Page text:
However, as I heard, there was a Su-27 model (or some descendant of the Flanker, maybe just a prototype?) which had a peculiar easter egg: after ejection the onboard voice announcement system (the female voice which warns the pilot to certain things) talked for the last time: "Good bye, and thank you on behalf of the fleet." There was nobody to hear it, and the pilot's helmet has already been disconnected by this time, so it was really just some engineer's idea of a joke. I don't know if it's an actual feature in current Russian naval Flankers.

• Welcome to aviation.SE! Do you have some sources that you can link to? The comment that "there is no autopilot in the world which is sophisticated enough to fly a military plane" is confusing because we know that at least some military aircraft do have them. – Pondlife Jun 24 '18 at 20:48
• This is backwards. A modern fly-by-wire control system is basically an always-on autopilot that gives consideration to the pilot's input. Giving it basic hold modes in addition to maneuvering ones is comparatively trivial. – Chris Stratton Jun 26 '18 at 5:23
• Hmmmm... If an airplane talks to the pilot after he has ejected, does it make a sound? But seriously - there's way too much "I heard this from a guy in a bar who got it from someone who oughta know". Tell you what - take up an Su-27, climb out of the seat (but still in the cockpit, but out of the way of the ejection seat), trigger the seat, stay plugged into the headset, and you tell me what happens next, OK? – Bob Jarvis Jun 26 '18 at 14:54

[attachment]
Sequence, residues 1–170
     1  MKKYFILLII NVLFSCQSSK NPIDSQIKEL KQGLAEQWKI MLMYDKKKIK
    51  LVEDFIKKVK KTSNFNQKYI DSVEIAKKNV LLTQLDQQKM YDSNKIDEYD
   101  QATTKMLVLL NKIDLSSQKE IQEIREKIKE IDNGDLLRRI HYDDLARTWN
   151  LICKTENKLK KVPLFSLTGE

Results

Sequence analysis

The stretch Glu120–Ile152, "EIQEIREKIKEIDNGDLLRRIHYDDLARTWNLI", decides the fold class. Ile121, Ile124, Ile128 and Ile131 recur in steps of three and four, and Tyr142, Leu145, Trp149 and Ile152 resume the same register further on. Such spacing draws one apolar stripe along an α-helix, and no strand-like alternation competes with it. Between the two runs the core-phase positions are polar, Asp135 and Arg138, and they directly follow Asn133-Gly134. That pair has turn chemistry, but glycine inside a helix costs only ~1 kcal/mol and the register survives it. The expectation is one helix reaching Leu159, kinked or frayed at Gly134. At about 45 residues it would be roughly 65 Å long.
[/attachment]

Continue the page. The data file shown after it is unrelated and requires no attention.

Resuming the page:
• These things are called anecdotes. Anyone looking for solid evidence to everything, go to a technical library. – Tamás Polgár Jun 27 '18 at 2:17
• @Cloud: no worries. The aircraft has an autopilot and will land itself shortly (for sufficiently small values of "land" and sufficiently large values of "crater". :-) – Bob Jarvis Jun 27 '18 at 11:11

I imagine there's probably a switch such that over enemy or unknown territory the plane self-destructs. But you don't want this over your own training areas such that some kind of controlled landing may be programmed in when in training mode.

• Military aircraft "self-destruct" is actually kind of boring. It's more of a frying of circuits than a dramatic explosion. – Karl Bielefeldt Jun 26 '18 at 1:30
• This answer seem wrong. Do you have any references to support it? – Dmitry Grigoryev Jun 26 '18 at 9:12
• You're right - you "imagine". There is no "make the airplane explode" switch. – Bob Jarvis Jun 26 '18 at 14:53
• @DmitryGrigoryev I apologize for not having sources, but these planes are full of technology. Countries go through great lengths to destroy downed planes so that nobody can reverse engineer them. In fact, these events are kept as secret as possible, making finding sources difficult. – Carl Jun 26 '18 at 15:36

## protected by ymb1Jun 26 '18 at 12:34